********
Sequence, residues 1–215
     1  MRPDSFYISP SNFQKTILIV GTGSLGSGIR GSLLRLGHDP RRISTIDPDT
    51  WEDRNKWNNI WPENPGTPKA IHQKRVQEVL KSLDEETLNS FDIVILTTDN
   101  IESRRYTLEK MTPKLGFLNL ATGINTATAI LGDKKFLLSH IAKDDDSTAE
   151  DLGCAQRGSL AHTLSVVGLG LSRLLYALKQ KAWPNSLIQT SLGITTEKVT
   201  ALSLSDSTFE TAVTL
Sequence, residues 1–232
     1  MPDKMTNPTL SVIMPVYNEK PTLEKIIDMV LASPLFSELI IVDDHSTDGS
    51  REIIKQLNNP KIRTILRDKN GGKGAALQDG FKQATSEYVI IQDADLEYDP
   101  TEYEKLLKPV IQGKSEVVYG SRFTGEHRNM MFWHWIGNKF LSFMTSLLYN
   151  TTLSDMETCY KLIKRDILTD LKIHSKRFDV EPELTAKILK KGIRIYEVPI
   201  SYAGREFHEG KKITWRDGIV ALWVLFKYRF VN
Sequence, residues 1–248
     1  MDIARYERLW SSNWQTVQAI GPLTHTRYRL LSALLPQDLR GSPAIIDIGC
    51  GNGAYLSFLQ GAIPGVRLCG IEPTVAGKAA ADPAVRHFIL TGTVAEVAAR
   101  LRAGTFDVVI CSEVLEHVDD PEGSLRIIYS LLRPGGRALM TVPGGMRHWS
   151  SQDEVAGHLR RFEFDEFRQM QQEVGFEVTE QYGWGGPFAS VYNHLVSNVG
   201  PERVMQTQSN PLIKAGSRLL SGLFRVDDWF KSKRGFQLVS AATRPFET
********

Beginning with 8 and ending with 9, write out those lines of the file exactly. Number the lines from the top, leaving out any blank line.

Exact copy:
     1  MPDKMTNPTL SVIMPVYNEK PTLEKIIDMV LASPLFSELI IVDDHSTDGS
    51  REIIKQLNNP KIRTILRDKN GGKGAALQDG FKQATSEYVI IQDADLEYDP